I went to the streets on Monday with Rich. A very pregnant woman told me my quickly done-up braided hairstyle was ugly and ordered me to take it out immediately, to which another very pregnant woman attempted to “fix” my work. She probably would have been able to do so, had a high teenager with a hair fetish not kept ripping sections out and had my hair been rougher or kinkier or stronger. As it was, she only succeeded in bruising my scalp.
Which adds to the collection I’m calling my “why-it’s-embarassing-to-go-to-the-beach” bruises. I look like a woman who’s been beaten by her boyfriend. I can assure you that isn’t happening. This is all my own CLUMSINESS!!! First, there were the hideous bruises from the painting incident. Then others appeared, tiny ones, on my arm. Maybe from running into doors. Then one on my leg that I can only attribute to scratching really, really hard. And another inexplicable on the inside of my thigh. How does one bruise the inside of their thigh??? Crossing my legs with too much force? Then, on Friday, I was in the bathroom, getting ready to shower, when a mirror fell, pointy corner first, directly onto my foot, leaving a two-inch diameter circle on my foot. A perfect circle in pale purple and green. Is there a medicine you can take for this condition? Something that will make me less of a klutz? Because it’s starting to hurt...and not just my pride.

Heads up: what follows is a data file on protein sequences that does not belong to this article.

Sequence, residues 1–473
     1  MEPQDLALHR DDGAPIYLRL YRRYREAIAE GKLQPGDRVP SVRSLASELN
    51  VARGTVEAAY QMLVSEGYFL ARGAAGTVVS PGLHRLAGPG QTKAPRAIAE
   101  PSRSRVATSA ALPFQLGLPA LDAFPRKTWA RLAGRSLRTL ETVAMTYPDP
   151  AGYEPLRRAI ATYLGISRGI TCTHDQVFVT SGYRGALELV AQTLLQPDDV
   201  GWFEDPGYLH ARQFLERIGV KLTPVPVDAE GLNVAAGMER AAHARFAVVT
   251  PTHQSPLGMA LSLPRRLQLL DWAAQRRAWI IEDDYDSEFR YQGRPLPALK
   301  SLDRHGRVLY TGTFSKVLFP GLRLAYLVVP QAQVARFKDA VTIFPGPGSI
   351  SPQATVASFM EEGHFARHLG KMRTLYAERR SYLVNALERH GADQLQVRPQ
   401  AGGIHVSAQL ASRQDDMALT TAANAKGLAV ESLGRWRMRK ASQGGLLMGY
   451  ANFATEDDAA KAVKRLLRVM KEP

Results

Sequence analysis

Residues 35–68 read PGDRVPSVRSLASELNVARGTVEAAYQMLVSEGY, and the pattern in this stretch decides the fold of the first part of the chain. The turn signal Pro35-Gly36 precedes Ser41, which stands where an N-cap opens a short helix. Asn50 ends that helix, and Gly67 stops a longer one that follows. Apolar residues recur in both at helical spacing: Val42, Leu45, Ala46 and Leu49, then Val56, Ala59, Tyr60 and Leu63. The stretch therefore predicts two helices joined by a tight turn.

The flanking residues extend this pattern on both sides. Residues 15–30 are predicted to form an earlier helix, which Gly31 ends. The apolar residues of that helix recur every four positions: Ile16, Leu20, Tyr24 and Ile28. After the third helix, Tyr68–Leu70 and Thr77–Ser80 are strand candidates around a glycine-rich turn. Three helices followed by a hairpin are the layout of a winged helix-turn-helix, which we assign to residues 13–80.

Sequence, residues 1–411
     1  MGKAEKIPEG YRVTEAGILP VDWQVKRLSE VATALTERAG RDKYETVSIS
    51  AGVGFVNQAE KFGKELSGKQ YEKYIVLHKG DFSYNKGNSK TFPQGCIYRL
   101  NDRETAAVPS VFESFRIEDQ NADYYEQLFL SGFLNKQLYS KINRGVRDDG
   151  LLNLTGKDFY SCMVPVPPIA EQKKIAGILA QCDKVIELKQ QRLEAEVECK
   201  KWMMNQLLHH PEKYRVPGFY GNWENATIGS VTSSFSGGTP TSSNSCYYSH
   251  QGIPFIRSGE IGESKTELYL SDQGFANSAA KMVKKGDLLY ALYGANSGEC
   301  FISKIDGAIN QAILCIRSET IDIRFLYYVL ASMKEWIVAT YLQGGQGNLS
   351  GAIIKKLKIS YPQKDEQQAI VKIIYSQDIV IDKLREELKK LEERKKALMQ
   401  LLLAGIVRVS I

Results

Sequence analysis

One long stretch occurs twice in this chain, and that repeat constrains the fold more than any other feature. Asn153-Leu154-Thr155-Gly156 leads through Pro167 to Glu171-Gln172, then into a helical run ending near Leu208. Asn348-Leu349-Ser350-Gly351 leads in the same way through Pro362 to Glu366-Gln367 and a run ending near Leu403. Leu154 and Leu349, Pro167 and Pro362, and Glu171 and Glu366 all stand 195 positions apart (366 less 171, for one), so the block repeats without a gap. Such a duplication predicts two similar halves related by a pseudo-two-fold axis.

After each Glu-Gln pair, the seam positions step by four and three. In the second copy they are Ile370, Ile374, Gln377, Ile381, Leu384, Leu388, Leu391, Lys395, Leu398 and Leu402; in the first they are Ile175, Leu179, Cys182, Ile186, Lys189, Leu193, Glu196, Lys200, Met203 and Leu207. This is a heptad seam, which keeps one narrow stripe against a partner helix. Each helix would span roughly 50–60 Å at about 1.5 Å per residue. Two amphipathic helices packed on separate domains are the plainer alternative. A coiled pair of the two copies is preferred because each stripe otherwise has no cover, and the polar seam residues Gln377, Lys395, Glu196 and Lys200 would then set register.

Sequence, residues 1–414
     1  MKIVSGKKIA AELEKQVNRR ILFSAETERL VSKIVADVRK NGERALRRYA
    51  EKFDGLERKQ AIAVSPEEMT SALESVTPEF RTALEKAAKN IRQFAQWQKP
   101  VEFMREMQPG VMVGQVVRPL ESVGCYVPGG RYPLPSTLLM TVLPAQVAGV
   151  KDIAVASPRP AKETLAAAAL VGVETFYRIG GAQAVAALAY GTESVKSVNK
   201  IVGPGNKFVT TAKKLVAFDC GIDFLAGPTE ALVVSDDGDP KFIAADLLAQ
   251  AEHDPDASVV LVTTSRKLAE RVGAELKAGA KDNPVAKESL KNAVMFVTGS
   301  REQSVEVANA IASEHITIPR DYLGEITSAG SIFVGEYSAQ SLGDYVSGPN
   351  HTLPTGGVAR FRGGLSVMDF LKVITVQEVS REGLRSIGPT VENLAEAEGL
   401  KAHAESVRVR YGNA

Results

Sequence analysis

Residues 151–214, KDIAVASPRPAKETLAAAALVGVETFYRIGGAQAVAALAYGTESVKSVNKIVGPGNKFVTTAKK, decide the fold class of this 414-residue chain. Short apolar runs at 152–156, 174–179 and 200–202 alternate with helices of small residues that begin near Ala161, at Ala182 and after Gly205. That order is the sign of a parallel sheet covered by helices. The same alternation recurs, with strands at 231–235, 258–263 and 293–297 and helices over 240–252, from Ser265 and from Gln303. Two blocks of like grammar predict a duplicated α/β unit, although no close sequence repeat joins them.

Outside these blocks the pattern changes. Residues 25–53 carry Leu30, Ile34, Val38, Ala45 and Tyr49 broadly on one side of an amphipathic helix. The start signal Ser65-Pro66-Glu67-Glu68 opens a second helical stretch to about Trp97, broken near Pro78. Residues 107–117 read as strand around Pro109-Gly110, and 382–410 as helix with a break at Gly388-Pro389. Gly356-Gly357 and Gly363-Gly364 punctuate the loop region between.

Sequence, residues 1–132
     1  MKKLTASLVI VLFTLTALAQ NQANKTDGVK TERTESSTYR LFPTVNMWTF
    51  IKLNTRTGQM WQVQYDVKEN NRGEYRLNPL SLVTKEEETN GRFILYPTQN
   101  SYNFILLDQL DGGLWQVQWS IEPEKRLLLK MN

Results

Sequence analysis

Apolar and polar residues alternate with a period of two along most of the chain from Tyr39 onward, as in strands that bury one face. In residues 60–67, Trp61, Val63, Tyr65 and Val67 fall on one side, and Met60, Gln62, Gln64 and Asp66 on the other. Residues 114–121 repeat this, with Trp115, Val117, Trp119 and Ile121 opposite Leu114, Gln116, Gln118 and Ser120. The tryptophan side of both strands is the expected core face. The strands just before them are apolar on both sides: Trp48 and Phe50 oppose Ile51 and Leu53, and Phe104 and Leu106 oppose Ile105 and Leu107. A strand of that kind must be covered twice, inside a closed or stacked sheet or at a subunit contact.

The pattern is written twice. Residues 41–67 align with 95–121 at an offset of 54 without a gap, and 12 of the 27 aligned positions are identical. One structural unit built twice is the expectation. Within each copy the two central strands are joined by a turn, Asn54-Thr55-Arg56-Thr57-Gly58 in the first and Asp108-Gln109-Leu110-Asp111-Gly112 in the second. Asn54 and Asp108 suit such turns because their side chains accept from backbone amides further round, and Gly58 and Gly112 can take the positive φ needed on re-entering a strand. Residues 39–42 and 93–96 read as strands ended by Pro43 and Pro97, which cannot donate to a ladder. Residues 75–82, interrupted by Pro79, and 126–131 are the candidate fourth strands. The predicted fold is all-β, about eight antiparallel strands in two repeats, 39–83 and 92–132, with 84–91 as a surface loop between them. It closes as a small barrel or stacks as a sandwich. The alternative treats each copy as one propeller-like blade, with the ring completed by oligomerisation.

But back to the streets. On the bus, Rich filled me in on the very best street story I have yet to hear. I was having my hair pulled out while he was talking to M-, so I didn’t get to hear this first-hand. It seems that M- had asked Rich what the going rate from euros to reis was; having determined it was roughly 3-1, Rich asked him why he was interested.
M-: “Well, I ran into this Japanese businessman the other day and I asked him what time it was and he blew me off and that really got me ticked so I robbed him. And I got 500 euros!”
Rich: “Wow, that’s a lot of money. What are you planning to do with it?” It’s better, in situations like this, not to even start in on the morals. The money is stolen, the Japanese is gone. At this point, we’re just concerned about what to do now, in the present. And 1,500 reis is a lot of money. That could just about buy a cheap favela apartment...
M-: “Hmmm. Well, you see, fifteen hundred reis is a lot of money for someone like you but for people like us on the street, it’s really not all that much.”
Rich: “Huh? How’s that?”
M-: “Well, you’re responsible. So you have rent and bills to pay and food to put on the table. But we don’t have anything like that and we’re not responsible. So we’re going to spend it all on drugs and clothing and it’ll be gone in about two weeks!”
Well, that’s honesty. And underscores a need to teach a different way of thinking...